The intent here is to dismantle the botnet by freeing zombie computers. All well and good, except it’s not the government pointing victims to malware removal tools, but rather letting themselves into the “house” to size up infections before passing this info on to third parties to actually perform the removals.

This new form of intrusion raised concerns in Congress, but the DOJ insisted the changes were innocuous and please let’s all stop talking about this before someone stops the Rule 41 amendments slow roll to tacit approval.

Here it is in action: thousands of computers temporarily hosting digital G-men. We’re in unknown territory right now with the FBI’s anti-botnet work. The FBI itself doesn’t even appear all that sure about the extent of its new Rule 41 powers. As is noted in the warrant, the FBI also applied for a Pen Register/Trap and Trace (PRTT) order [PDF] just in case.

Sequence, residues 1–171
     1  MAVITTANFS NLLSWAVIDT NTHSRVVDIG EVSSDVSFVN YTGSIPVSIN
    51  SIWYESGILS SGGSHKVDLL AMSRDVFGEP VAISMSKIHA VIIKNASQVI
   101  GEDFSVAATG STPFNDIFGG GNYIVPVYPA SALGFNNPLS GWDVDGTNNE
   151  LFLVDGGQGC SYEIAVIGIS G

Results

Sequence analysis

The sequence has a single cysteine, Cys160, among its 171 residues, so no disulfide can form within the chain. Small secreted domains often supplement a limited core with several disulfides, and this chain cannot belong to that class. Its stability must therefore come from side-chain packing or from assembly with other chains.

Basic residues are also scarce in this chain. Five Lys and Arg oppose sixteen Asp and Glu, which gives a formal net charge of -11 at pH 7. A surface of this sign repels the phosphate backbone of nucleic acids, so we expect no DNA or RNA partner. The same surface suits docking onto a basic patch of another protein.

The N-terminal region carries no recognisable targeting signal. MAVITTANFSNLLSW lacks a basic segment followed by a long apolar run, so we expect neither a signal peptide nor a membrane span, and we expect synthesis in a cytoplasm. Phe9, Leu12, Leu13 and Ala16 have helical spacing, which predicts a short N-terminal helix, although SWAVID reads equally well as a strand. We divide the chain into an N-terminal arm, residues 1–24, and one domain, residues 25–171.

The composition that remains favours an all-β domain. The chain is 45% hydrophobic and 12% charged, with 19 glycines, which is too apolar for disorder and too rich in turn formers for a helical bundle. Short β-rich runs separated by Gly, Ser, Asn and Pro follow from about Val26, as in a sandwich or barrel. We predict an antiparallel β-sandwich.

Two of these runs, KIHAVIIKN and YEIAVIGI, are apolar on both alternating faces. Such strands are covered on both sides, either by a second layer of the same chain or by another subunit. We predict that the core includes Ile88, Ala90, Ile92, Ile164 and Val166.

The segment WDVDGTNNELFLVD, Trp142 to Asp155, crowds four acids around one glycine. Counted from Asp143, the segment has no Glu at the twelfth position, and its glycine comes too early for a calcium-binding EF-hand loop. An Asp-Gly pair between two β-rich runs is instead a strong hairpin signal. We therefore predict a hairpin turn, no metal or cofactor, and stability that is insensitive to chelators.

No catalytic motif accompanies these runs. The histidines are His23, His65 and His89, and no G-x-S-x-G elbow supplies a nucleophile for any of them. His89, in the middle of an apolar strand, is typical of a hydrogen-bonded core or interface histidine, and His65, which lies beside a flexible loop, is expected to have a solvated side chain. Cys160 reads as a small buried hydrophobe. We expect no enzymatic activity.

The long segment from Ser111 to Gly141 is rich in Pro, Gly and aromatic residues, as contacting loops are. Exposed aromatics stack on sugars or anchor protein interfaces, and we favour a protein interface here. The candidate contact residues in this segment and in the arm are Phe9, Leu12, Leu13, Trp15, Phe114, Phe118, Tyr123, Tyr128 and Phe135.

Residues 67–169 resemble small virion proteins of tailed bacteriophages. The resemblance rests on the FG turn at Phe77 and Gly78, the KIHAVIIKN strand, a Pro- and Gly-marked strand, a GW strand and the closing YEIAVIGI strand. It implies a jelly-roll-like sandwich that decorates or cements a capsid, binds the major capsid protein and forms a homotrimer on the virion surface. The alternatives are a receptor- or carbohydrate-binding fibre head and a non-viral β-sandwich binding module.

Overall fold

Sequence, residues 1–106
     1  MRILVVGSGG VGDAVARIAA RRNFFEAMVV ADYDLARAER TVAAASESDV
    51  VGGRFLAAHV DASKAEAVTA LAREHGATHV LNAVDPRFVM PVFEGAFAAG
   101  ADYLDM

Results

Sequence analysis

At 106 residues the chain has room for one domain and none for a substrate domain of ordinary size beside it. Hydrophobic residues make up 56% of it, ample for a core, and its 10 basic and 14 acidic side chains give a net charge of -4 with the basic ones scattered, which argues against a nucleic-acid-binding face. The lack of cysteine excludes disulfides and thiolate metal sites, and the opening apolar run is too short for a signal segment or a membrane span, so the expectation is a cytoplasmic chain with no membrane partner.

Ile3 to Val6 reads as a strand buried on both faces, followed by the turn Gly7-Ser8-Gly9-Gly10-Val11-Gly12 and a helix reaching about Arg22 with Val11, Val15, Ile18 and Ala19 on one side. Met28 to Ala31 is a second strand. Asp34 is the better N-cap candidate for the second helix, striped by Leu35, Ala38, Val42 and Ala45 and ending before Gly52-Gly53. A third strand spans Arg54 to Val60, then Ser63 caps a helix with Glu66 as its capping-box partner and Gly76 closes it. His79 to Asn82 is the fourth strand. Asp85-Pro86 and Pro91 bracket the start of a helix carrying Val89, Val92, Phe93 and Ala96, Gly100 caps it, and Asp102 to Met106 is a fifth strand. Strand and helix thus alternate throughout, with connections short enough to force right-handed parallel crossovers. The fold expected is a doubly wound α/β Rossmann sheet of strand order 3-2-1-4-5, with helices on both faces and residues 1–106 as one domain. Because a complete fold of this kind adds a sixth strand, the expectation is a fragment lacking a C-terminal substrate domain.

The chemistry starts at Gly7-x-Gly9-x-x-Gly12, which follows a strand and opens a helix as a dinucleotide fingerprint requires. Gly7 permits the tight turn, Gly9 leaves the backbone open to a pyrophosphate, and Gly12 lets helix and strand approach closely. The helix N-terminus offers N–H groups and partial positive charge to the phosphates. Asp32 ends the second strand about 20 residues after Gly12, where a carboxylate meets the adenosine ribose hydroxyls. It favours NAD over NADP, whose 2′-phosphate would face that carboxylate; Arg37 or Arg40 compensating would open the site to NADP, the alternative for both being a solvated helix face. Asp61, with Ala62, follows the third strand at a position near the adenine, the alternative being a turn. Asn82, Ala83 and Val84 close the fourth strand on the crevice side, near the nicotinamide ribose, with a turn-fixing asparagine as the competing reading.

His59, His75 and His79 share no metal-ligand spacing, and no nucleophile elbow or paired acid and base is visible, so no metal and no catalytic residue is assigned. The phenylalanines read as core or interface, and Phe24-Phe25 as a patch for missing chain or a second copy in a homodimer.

Other than the three elements described above, federal law does not require that an application for an order authorizing the installation and use of a pen register and a trap and trace device specify any facts. The following additional information is provided to demonstrate that the order requested falls within this Court’s authority to authorize the installation and use of a pen register or trap and trace device under 18 U.S.C. g 3123(a)(1).

This is the FBI basically saying the law doesn’t require this application, but here it is anyway. A CYA PRTT for the interception of communications metadata that might help identify botnet victims. And for all its talismanic waving of Rule 41, the FBI isn’t even sure it’s really required to seek a warrant to perform this botnet cleanup. From the warrant affidavit: